Gay, Lesbian, Bisexual and Transgender Adults Penalize GLBT-Unfriendly Biz

September 27, 2007

This article is included in these additional categories:

Men | Women

Nearly one in four (24%) gay, lesbian, bisexual, and transgender (GLBT) adults say they have switched products or service providers in the past 12 months because they found a competing company that supports causes that benefit the GLBT community - when factors such as price, quality, and convenience were not also considerations.


According to the national online survey by Harris Interactive and Witeck-Combs Communications, nearly one-third (32%) of gay men say they have switched products or services within the last 12 months because they found a competing company that supports GLBT causes.


Moreover, the survey found that a high proportion of gay men and lesbians (70%) had switched products or service providers because they learned the company engaged in actions they perceived as harmful to the GLBT community.


In terms of brand loyalty, about two-thirds (66%) of all GLBT adults reported that they would be very or somewhat likely to remain loyal to a brand they believed to be very friendly and supportive to the gay, lesbian and transgender community – even when less friendly companies may offer lower prices or be more convenient.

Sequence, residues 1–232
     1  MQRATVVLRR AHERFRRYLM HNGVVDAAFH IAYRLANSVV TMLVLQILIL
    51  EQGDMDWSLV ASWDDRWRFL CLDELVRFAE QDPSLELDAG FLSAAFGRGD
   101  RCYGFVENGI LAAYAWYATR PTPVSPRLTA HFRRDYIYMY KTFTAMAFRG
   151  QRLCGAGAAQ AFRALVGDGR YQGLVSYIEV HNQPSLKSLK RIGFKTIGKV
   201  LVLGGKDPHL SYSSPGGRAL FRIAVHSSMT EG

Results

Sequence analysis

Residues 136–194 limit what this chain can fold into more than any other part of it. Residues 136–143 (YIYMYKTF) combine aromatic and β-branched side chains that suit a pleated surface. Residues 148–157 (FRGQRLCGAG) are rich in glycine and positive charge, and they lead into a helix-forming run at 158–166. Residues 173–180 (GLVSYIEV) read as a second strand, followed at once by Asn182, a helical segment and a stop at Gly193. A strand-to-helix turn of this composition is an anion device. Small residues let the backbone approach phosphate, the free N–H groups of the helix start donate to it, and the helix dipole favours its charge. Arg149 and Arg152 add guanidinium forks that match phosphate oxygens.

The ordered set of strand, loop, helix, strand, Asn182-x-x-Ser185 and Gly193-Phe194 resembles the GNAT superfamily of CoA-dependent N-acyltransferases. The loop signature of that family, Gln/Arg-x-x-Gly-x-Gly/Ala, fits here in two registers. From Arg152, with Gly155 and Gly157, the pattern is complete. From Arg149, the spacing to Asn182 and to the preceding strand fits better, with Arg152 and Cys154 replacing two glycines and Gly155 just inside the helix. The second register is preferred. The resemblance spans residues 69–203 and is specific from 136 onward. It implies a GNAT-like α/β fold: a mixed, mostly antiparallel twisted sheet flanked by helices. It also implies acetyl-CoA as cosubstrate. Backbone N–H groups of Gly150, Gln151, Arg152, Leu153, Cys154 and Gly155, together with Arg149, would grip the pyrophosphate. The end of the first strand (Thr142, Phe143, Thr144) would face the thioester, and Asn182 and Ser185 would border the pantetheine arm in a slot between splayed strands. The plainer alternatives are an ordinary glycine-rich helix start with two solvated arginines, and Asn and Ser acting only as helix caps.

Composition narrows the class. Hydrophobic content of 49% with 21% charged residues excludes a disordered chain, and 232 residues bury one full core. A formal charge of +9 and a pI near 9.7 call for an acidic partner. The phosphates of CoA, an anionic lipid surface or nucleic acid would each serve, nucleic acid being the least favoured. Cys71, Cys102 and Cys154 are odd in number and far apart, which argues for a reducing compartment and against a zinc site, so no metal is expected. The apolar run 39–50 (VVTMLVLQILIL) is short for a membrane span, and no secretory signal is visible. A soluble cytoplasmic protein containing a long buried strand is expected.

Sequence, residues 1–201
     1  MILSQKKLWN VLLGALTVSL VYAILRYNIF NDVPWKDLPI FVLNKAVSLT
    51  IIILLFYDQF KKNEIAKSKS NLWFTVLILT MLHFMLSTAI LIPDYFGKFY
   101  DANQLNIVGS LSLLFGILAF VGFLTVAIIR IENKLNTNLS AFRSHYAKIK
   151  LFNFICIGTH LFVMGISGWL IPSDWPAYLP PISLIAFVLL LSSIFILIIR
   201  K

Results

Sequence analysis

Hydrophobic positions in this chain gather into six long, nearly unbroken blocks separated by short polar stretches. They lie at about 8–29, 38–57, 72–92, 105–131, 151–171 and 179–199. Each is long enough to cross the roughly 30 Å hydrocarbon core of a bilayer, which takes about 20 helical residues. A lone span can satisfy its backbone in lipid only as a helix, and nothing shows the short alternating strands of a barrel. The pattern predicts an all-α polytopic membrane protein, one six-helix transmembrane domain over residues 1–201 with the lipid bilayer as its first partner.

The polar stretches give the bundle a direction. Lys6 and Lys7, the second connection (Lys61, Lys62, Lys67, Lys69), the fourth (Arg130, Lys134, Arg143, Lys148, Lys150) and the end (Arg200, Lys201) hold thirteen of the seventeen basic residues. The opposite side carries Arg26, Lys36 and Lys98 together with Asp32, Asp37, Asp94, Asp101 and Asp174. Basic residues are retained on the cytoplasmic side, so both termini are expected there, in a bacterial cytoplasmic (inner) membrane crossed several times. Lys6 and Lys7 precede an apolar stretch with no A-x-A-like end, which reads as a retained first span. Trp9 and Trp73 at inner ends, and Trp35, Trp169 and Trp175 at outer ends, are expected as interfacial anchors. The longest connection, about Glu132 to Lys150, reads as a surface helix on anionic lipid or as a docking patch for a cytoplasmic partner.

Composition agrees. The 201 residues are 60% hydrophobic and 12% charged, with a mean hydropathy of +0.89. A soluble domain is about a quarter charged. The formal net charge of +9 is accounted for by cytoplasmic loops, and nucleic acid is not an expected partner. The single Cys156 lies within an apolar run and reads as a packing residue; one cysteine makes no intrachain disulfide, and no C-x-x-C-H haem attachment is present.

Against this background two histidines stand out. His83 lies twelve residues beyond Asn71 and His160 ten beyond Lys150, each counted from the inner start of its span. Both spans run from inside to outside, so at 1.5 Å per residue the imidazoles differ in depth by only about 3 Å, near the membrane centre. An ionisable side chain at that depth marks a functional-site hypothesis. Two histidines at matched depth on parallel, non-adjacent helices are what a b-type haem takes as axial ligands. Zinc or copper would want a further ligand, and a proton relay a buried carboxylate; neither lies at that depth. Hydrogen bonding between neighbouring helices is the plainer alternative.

Three out of four (75%) gay men and lesbians also said they would remain loyal to the gay-friendlier brand.

“For nearly a decade, we have tested customer loyalty benchmarks, to better understand the connection between GLBT consumers and brand reputations. Consistently, no matter how we frame the questions, we find GLBT consumers place a high value on brands that earn and grow respect within the community,” said Wes Combs, President of Witeck-Combs Communications.

“They remain loyal to companies that support causes that are important to them, and are highly motivated to learn about corporate social responsibility in all its forms. They are among consumers most motivated to vote with their dollars.”

About the study: Harris Interactive conducted the study online within the United States between August 7 and 13, 2007, among 2,868 adults (ages 18 and over), of whom 2,518 said they are heterosexual and 350 were self-identified as gay, lesbian, bisexual or transgender (this includes an oversample of GLBT adults). Figures for age, sex, race, education, region and income were weighted where necessary to bring them into line with their actual proportions in the population. The results for the gay and lesbian sample were weighted separately based on profiles of the gay and lesbian population that Harris Interactive has compiled through online surveys. Propensity score weighting was also used to adjust for respondents’ propensity to be online.

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